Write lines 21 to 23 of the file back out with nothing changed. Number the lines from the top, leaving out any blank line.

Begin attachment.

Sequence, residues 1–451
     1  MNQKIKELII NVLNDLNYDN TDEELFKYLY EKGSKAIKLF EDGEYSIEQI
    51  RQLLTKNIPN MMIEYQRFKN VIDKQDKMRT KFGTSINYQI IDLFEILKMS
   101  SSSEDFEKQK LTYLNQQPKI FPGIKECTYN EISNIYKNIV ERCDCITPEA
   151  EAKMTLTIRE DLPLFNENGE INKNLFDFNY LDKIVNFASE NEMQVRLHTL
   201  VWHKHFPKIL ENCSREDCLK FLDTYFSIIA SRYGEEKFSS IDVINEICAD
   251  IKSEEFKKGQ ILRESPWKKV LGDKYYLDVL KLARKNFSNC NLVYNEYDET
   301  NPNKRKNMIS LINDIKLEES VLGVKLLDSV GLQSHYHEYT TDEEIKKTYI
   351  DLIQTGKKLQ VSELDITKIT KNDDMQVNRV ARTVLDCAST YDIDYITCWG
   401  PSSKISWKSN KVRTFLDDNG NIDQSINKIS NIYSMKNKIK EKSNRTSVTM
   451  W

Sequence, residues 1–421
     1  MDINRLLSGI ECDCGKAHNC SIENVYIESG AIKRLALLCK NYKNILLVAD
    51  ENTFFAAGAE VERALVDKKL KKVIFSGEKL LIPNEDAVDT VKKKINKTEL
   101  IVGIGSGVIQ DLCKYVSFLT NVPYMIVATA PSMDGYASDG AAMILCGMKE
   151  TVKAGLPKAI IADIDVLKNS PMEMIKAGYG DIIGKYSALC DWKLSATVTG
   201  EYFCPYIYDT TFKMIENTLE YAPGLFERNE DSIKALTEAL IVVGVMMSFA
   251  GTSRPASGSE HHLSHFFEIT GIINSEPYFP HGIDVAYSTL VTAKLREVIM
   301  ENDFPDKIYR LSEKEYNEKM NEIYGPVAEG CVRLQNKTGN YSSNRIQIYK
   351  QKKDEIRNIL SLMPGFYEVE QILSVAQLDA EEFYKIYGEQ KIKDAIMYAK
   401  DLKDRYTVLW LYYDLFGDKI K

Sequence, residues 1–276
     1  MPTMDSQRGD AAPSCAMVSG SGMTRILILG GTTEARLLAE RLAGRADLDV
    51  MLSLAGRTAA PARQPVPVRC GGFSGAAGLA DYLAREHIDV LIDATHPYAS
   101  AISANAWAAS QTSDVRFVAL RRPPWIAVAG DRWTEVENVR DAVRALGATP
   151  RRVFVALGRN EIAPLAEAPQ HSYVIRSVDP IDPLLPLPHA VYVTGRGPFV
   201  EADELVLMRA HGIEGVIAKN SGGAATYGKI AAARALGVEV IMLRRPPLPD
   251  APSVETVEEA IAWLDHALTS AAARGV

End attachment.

   401  DLKDRYTVLW LYYDLFGDKI K

Sequence, residues 1–276
     1  MPTMDSQRGD AAPSCAMVSG SGMTRILILG GTTEARLLAE RLAGRADLDV